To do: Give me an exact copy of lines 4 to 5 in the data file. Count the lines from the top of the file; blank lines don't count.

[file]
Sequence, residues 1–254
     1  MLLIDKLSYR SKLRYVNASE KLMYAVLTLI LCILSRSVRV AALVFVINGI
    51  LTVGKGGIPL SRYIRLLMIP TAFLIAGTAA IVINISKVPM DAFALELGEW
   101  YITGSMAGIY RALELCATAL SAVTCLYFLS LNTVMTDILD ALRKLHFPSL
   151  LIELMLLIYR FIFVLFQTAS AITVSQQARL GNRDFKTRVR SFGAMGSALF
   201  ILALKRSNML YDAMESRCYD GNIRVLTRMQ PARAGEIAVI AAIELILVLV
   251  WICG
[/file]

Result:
   101  YITGSMAGIY RALELCATAL SAVTCLYFLS LNTVMTDILD ALRKLHFPSL
   151  LIELMLLIYR FIFVLFQTAS AITVSQQARL GNRDFKTRVR SFGAMGSALF